On their first day in Marrakech, Jennifer Shanahan and her daughter learned a crucial lesson: To navigate the Medina, a labyrinth of streets and shops, you will need a map (not a phone) to find your way. But, more importantly, you must never use this map in public.
by Bethany Ball
Marco and Aliza descended on our house in Nyack New York with their irrepressible energy. Aliza, who is visiting from Israel, is the mother of our dear friend Sagi. And Marco is her boyfriend visiting from his home in Bordeaux, France. They were staying with Sagi in his tiny apartment in Williamsburg and had come over to cook a meal for Sagi and his friends. Marco immediately settled in, a spry, fit man in his early seventies, making the most of our ill-equipped kitchen (I asked myself: Where are my kitchen scissors? Why do I not have large cutting boards? Or serving dishes?). Marco speaks French, Portuguese and Hebrew. Everyone who came for dinner spoke a smattering of one or several of those languages. If we got stuck, Marco spoke to Aliza in French and she translated in Hebrew or English. There was moule (en francais), moulim (b’ivrit) or mussels with a butter sauce that we were instructed to drink. Our friend Anthony (a native New Yorker married to an Israeli) brought lamb kabob and sharpened knives. Kristen, a native Alabaman chopped parsley. Sagi worked the grill, along with my husband. Anthony’s Israeli wife Abi and I chased after our not-quite-two-year olds and filled in the gaps--like searching for kitchen appliances and washing dishes. Abi set the table and tore and folded paper towel for napkins (why do I never have napkins?). Kristen’s boyfriend Etay played DJ, chopped vegetables and teased Marco. “Marco! I put on French music! Just for you.”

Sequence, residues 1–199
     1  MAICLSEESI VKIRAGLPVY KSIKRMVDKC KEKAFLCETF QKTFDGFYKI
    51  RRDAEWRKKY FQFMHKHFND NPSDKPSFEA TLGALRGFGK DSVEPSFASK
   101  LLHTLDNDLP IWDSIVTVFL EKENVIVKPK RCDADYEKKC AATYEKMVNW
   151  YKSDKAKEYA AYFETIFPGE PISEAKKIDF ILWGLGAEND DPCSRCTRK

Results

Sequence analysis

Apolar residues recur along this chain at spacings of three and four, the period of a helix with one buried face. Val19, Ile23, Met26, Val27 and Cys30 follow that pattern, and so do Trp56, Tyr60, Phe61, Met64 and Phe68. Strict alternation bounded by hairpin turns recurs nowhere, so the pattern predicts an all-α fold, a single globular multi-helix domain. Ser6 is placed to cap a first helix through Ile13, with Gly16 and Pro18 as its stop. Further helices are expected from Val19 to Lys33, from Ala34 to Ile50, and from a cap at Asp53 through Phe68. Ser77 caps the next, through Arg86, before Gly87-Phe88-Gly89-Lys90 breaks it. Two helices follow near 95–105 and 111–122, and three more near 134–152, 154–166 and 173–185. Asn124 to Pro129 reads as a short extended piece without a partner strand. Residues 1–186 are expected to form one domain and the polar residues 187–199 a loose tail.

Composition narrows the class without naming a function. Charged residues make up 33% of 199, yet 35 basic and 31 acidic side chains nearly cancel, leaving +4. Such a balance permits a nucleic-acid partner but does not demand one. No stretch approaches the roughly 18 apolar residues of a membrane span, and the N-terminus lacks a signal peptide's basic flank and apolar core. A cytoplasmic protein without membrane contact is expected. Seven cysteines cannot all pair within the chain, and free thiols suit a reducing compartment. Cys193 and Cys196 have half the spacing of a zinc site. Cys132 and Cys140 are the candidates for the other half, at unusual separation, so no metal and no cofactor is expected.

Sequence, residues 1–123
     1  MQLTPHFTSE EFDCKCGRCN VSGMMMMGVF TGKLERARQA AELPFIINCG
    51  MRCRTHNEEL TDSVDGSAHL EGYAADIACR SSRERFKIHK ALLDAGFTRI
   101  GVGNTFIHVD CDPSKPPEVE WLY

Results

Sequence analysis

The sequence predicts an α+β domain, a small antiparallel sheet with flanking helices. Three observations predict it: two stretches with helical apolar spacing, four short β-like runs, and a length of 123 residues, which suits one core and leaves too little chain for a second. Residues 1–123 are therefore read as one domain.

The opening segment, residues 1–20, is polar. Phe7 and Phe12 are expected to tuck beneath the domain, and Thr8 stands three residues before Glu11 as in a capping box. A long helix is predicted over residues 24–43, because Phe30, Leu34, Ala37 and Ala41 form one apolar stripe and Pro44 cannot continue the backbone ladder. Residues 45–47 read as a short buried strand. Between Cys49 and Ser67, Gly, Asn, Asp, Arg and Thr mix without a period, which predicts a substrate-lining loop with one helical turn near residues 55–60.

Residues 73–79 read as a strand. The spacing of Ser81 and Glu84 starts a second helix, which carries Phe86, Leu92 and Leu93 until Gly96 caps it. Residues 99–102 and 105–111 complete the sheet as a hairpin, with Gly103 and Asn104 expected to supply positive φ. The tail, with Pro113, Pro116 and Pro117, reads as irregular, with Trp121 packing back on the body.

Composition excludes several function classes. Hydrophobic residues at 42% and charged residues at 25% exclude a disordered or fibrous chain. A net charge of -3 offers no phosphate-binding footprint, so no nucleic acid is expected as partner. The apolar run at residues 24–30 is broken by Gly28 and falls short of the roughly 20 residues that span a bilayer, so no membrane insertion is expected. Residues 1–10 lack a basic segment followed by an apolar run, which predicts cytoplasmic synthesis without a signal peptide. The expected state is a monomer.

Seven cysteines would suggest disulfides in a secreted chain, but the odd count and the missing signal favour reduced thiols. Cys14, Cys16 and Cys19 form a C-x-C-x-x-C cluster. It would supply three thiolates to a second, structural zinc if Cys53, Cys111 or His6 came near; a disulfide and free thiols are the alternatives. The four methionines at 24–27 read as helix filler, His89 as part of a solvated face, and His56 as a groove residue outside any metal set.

“Bah!” he said, making a face, “It is Carla Bruni. She does not sing. She talks!”
“Give us some Yves Montand,” Aliza called out.
Marco served my grilled fish, branzini or Mediterranean Sea bass. He called it by its French name, Loup de Mer.